Geneticist Jennifer Doudna co-invented a groundbreaking new technology for editing genes, called CRISPR-Cas9. The tool allows scientists to make precise edits to DNA strands, which could lead to treatments for genetic diseases … but could also be used to create so-called “designer babies.” Doudna reviews how CRISPR-Cas9 works — and asks the scientific community to pause and discuss the ethics of this new tool.
Jennifer Anne Doudna (born February 19, 1964) is an American biochemist. She is a Professor in the Department of Chemistry and Chemical Engineering and the Department of Molecular and Cell Biology at the University of California, Berkeley. Doudna has been an investigator with the Howard Hughes Medical Institute (HHMI) since 1997, and since 2018 holds the position of senior investigator at the Gladstone Institutes as well as that of professor at the University of California, San Francisco.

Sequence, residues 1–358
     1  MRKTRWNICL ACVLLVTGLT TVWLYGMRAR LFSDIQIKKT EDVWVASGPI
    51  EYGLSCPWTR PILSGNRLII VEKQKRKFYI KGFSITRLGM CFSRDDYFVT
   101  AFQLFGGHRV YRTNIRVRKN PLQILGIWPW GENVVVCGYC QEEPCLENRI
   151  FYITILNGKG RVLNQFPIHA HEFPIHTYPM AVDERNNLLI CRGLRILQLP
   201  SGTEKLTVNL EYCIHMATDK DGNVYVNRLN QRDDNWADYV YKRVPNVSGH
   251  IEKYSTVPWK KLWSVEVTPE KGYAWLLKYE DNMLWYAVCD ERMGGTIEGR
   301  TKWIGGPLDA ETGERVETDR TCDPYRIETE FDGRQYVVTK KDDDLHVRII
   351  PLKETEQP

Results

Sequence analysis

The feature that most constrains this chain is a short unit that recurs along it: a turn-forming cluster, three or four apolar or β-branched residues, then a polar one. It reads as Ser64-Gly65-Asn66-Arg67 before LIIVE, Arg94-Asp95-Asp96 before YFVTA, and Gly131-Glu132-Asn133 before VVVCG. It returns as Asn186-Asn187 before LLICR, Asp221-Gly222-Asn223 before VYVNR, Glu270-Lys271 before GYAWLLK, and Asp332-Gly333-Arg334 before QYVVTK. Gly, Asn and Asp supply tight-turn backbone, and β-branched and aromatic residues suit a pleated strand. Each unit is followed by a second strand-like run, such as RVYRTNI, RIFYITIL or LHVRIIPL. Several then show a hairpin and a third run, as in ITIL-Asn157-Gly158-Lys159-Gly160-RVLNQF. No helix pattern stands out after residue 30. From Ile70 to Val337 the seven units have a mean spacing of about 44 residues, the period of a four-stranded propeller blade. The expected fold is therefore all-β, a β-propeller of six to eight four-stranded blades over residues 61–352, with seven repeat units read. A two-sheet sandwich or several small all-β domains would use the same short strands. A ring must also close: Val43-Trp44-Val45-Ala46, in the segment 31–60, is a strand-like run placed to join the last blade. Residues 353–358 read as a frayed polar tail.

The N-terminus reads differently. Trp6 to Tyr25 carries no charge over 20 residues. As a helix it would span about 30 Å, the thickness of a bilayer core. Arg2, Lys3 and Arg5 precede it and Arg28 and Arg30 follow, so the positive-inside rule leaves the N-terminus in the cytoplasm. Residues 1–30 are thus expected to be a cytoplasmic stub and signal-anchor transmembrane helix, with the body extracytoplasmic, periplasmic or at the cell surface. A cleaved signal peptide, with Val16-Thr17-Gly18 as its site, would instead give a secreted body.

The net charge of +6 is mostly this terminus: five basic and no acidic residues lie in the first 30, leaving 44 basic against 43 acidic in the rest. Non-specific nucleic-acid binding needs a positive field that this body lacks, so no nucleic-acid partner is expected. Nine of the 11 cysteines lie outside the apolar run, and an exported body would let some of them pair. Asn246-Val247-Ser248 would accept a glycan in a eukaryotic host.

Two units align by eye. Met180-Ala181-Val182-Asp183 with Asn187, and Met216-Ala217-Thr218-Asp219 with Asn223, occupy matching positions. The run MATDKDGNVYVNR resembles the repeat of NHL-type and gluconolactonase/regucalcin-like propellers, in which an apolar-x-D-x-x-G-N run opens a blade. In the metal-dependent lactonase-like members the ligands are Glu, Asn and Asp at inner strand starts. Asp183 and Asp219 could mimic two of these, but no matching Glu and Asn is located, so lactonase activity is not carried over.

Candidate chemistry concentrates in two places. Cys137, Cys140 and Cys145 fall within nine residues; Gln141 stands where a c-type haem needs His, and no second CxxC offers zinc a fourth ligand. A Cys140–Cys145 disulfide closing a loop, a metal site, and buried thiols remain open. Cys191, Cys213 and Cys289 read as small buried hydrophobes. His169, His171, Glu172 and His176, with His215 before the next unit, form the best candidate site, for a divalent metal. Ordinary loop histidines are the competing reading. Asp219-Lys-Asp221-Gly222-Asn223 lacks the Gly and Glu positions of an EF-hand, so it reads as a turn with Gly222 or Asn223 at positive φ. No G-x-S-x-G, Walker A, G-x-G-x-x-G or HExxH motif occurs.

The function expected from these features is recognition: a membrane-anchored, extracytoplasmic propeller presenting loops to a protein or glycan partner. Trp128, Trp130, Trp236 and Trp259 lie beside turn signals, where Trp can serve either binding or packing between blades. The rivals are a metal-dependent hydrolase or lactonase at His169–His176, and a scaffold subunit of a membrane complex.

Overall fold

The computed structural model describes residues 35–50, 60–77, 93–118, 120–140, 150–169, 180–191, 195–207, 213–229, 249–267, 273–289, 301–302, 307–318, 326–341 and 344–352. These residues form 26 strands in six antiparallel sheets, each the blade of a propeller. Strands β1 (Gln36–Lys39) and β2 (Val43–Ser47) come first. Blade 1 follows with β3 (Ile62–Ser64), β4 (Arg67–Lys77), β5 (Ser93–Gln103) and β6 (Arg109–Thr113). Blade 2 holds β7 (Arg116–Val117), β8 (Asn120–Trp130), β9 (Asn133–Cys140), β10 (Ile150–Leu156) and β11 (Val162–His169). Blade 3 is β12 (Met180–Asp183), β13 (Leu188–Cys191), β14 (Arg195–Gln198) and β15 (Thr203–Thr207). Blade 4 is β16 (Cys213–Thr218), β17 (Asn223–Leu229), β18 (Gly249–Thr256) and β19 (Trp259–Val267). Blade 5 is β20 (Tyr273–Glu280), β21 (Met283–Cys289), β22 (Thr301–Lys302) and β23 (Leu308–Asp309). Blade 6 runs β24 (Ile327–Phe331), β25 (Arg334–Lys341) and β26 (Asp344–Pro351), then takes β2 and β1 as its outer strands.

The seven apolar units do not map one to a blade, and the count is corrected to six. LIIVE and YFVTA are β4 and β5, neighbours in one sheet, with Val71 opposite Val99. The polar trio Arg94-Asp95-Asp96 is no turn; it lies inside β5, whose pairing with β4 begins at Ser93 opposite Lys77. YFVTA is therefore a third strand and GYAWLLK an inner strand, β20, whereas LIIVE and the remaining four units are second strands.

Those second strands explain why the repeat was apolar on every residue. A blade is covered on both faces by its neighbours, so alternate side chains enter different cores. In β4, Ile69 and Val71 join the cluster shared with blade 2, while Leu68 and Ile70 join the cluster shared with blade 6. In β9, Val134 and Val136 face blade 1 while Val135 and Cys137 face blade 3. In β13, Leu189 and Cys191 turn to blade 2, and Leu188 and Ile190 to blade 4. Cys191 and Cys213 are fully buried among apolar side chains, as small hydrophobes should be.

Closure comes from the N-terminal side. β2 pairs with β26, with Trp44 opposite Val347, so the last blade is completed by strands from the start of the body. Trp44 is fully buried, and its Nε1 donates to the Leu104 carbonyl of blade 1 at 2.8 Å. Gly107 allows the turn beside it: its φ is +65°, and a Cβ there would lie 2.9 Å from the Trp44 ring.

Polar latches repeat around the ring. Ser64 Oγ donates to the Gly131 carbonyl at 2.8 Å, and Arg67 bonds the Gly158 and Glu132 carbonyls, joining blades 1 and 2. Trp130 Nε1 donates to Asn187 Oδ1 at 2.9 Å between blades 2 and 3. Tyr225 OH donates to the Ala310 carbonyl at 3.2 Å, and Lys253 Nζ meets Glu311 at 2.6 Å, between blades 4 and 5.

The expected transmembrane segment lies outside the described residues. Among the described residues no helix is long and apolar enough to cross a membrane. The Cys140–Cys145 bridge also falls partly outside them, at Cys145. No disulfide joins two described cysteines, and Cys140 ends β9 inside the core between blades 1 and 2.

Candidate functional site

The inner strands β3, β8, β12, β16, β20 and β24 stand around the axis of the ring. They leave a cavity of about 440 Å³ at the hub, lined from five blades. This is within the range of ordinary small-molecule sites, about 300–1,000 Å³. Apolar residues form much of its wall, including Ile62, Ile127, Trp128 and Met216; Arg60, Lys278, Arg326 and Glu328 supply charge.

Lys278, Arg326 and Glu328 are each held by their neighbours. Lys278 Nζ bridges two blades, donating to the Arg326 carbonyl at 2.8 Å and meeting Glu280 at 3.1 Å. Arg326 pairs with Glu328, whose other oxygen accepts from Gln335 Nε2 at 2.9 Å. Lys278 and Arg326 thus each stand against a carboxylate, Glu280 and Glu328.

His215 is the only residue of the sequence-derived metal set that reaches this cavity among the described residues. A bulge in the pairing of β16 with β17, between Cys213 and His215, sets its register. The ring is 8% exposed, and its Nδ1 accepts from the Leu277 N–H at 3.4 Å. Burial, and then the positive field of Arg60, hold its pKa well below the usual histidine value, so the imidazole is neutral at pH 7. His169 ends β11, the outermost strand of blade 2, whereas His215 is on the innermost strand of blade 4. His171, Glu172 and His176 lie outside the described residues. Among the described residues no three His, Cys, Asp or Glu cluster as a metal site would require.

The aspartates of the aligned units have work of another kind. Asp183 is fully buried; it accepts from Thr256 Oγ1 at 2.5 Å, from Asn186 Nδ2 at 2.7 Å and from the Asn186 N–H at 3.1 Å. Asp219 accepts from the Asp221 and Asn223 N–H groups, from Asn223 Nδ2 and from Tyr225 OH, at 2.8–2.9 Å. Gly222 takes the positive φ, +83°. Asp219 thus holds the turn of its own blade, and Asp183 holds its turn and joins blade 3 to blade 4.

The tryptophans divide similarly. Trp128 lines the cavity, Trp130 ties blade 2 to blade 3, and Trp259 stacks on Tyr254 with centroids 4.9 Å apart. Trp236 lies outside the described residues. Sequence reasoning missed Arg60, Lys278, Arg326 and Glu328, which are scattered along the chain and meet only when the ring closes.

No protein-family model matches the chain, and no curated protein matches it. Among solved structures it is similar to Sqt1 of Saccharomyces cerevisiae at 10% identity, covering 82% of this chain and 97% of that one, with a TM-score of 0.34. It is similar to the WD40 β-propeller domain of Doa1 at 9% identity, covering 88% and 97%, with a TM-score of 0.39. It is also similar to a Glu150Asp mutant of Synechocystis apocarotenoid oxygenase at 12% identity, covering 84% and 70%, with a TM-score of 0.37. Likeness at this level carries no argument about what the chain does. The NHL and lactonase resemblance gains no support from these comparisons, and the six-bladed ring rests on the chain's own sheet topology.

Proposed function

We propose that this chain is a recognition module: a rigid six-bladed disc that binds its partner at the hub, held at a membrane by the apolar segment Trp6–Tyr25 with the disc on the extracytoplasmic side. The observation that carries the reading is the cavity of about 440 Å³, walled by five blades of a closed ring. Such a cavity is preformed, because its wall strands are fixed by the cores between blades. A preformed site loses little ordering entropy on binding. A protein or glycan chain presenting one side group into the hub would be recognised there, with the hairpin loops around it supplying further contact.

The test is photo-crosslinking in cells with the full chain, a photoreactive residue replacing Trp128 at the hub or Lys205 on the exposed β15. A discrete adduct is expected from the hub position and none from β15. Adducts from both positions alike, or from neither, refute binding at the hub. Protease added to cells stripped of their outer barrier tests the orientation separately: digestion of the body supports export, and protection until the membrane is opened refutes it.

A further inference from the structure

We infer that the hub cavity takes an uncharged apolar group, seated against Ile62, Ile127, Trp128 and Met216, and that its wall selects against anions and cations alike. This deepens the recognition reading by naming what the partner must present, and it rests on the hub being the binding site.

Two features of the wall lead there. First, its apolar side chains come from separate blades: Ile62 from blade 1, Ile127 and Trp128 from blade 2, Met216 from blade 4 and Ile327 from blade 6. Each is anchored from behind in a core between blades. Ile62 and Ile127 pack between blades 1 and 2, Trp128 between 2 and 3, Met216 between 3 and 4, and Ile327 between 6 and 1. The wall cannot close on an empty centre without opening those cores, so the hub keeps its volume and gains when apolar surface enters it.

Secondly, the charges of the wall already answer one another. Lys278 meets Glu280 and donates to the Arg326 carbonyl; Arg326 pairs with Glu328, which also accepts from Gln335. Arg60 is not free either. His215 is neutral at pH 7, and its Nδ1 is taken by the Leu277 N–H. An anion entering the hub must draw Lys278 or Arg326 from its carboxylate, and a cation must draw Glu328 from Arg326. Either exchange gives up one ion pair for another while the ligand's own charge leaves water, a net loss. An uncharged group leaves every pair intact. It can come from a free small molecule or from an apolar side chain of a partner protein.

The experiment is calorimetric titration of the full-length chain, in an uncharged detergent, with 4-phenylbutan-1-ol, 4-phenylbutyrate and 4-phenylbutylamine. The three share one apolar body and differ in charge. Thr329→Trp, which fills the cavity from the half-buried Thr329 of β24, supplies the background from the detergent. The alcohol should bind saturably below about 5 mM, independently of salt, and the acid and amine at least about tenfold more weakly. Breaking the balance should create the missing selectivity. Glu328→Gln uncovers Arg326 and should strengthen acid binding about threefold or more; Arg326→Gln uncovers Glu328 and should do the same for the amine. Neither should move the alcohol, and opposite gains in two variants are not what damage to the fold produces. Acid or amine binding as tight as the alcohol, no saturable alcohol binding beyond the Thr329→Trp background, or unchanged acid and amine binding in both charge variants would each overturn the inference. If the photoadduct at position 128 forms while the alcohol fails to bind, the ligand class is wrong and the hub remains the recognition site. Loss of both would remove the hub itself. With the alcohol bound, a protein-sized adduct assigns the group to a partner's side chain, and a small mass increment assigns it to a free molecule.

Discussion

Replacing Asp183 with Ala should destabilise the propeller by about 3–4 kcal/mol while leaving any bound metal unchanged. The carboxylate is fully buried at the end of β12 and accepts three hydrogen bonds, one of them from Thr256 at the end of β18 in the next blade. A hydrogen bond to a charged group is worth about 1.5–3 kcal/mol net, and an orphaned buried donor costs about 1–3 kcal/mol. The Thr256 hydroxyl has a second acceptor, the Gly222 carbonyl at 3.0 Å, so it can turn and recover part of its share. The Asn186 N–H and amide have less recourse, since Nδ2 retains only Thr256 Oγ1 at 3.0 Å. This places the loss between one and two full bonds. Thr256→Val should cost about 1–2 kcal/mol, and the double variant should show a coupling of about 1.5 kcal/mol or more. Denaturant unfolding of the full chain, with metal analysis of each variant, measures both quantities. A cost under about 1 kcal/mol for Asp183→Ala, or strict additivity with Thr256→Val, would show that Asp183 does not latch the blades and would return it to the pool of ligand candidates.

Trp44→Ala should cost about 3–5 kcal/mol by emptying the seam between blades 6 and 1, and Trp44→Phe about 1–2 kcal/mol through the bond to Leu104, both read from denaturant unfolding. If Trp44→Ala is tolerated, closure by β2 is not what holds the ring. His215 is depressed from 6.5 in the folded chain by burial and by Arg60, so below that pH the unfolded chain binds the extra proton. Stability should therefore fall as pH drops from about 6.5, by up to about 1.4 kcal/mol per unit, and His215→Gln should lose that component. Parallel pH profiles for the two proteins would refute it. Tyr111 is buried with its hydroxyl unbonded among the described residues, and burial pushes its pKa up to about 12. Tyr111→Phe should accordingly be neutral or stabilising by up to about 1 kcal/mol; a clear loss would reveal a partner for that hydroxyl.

Doudna has been a leading figure in what is referred to as the “CRISPR revolution” for her fundamental work and leadership in developing CRISPR-mediated genome editing.In 2012, Doudna and Emmanuelle Charpentier were the first to propose that CRISPR/Cas9 (enzymes from bacteria that control microbial immunity) could be used for programmable editing of genomes, which is now considered one of the most significant discoveries in the history of biology.
Doudna has made fundamental contributions in biochemistry and genetics and received many prestigious awards and fellowships including the 2000 Alan T. Waterman Award for her research on the structure as determined by X-ray crystallography of a ribozyme, and the 2015 Breakthrough Prize in Life Sciences for CRISPR/Cas9 genome editing technology (with Charpentier). She has been a co-recipient of the Gruber Prize in Genetics (2015), the Canada Gairdner International Award (2016) and the Japan Prize (2017). Outside the scientific community, she has been named one of the Time 100 most influential people in 2015 (with Charpentier) and was listed as a runner-up for Time Person of the Year in 2016 alongside other CRISPR researchers
Jennifer Doudna：How CRISPR-Cas9 rewrites history